Figueroa is now in charge of mountain operations (room
s, transport). Both Pamela and Francisco
are fluent in English and work Mon
-
Fri.



MagIC (Paul Schechter)


E2V chip configured for frame transfer operation fast, for high cadence observations and precise
timing, especially for planet transits and solar sys
tem occultations. SITE chip is currently used
primarily for planet transit observations. New software has been installed (LOIS runs the CCD;
LOUI is the user interface software and allows frame
stare

mode in which no time is lost to
readout). LOUI is no
t ready for general use due to complex user interface and bugs. E2V is
considered a PI system. Users should contact Paul Schechter and will need an expert user on
-
site
from MIT. SITE may be commissioned as a facility instrument. However, it is unlikely
that E2V
will be commissioned as facility instrument before MagIC is permanently consigned to PI status
with the arrival of FIRE.




AO (Laird Close)


The AO system will deliver an F/16.16 diffraction
-
limited beam to optical and mid
-
IR cameras.
The optica
l camera will have a fast
-
readout E2V detector that can provide visible AO.


The Adaptive secondary mirror (ASM) will use the F/11 mount points, and will be mounted and
dismounted with a jib crane. It has a triangular strut system to reduce the emissivity

at 10 microns.


The Nasmyth port assembly includes a peripheral wave
-
front sensor (PWFS), an optical AO CCD,
and MIRAC4 (10 micron imaging spectrograph). A dichroic will send <1.2 micron to the visible
CCD, and >1.2 micron to MIRAC. The visible AO and M
IRAC can operate at the same time. The
clearance of the instrument from the Nasmyth platform is only 3 inches.


Progress since last 2008 SAC meeting includes t
wo site visits to Magellan by the AO group, a site
visit to Italy to work out contracts with A
rcetri Observatory, Microgate, and ADS, successful PDR
held at Steward in Dec. 2008 (electrical, mechanical, software, and optical interfaces to telescope
approved at PDR level), commissioning of 10 micon spectrograph on MIRAC4 at MMT, Magellan
Board appro
val of continued support for project, TSIP approval of Year 2 funding. NSF MRI no
cost extension approved, contracts for the PWFS, E2V CCDs and Scimeasure controllers, and the
remaining ASM electronics in the signature stage, design for all the big aluminu
m structures are
finalized, the design for the f/16.16 SH guide probe is 90% finished, and the design for the
calibration optics is finished.


Pre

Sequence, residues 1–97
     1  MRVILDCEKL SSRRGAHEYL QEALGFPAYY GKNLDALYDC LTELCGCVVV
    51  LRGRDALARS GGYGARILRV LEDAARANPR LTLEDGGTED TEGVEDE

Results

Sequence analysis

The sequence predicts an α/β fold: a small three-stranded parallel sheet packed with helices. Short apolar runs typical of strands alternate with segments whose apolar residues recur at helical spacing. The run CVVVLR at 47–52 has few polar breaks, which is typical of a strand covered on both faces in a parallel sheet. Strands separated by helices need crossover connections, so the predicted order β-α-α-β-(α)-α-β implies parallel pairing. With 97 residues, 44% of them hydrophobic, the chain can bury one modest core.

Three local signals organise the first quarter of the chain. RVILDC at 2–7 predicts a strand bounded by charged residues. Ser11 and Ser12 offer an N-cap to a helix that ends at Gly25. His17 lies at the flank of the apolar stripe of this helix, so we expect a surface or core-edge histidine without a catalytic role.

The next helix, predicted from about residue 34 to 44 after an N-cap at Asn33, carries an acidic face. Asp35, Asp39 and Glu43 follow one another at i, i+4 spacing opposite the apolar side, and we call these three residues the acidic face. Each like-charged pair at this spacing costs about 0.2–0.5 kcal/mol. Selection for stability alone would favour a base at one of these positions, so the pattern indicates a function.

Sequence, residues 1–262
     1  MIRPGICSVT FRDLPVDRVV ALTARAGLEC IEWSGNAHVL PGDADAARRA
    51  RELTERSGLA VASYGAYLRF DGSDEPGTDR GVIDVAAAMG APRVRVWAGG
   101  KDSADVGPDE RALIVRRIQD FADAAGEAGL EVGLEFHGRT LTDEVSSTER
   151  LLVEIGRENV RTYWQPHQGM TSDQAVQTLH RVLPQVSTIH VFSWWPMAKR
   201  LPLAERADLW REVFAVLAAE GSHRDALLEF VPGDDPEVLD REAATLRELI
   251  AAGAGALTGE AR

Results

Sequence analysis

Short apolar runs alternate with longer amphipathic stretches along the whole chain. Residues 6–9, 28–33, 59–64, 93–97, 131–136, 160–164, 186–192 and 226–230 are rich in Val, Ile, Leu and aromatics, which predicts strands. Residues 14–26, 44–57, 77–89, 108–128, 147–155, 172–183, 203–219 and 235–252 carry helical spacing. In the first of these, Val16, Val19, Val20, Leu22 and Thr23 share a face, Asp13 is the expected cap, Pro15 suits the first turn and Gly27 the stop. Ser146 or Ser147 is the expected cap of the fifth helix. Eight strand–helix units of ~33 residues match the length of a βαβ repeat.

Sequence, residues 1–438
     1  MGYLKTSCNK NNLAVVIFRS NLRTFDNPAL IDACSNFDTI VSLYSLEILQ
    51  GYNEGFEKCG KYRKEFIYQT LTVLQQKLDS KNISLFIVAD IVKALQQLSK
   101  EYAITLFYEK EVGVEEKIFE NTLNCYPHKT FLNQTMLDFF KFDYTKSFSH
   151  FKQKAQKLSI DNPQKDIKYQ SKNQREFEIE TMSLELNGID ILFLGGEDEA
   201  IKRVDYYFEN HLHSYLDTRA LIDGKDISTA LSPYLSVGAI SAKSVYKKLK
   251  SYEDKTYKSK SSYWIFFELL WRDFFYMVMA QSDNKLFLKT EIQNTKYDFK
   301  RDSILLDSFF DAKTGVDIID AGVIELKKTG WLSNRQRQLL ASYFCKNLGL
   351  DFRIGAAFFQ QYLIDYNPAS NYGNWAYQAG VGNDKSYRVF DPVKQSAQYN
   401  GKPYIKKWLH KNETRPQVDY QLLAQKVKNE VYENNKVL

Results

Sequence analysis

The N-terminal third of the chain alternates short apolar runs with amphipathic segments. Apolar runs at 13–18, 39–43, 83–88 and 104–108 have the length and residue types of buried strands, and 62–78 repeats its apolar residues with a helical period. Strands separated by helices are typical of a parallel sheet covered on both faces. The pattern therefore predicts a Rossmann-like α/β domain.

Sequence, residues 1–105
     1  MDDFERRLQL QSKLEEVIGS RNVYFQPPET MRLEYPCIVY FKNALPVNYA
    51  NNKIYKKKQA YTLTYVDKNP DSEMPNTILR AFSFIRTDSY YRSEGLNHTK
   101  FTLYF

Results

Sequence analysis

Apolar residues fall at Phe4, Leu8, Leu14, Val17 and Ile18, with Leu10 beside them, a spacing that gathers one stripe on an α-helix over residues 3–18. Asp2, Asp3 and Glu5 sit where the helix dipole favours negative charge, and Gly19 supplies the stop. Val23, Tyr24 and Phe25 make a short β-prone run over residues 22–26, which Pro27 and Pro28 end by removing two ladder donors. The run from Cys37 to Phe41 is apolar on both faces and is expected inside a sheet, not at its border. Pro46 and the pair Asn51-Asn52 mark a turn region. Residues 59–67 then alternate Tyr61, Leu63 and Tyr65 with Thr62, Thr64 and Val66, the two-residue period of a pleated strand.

-
ship review planned for May 2011; shipping to Magellan in July 2011; first light August 2011;
commissioning i
n Jan 2012.


ASM has to be continuously powered to avoid dust contamination. Observing is envisioned as
campaign mode since it takes ~1 day to replace the secondary mirror.


Szentgyorgyi: Can you add a NIR camera to the Nasmyth assembly?

Close: There’s
not enough space to replace the visible AO, but MIRAC can be replaced with a NIR imager with a 30”
FOV; the ASM can give a 5’ FOV.


Mateo: What is the expected competition in 2011?


Close: GPI @ Gemini and SPHERE @ VLT are expected to provide >90% Atrehl
in the NIR, but they do not provide
optical AO. Keck is considering optical AO in the long
-
range plan. Palomar will likely have a system online before
2011.




M2FS (Mario Mateo)


MRI instrument development proposal submitted to the NSF. Total projected

cost is $2.02M (70%
NSF, 30% cost sharing).


M2FS is optimized for fibers rather than piggy
-
backing on MIKE capabilities. It will be simpler to
operate than the current MMFS. The key science goal is synergy with SkyMapper for dwarfs
galaxies, star forma
tion, etc.


The design will has an E2V 4kx4k CCD, optimized for 390
-
900 nm with a range of high resolution
modes (~20000, using echelle grating + prism) but also a low
-
resolution mode (~1000, using a
standard grating). The two systems sit on a sliding tab
le and can be switched rapidly. The cross
-
dispersion will be optimized for fibers rather than the current system, which is optimized for the
MIKE 5” slit. At high resolution can observe 48 targets x 3 orders, or 3
-
4 targets with full order
coverage. Th
e pair of spectrographs allows both to be used in high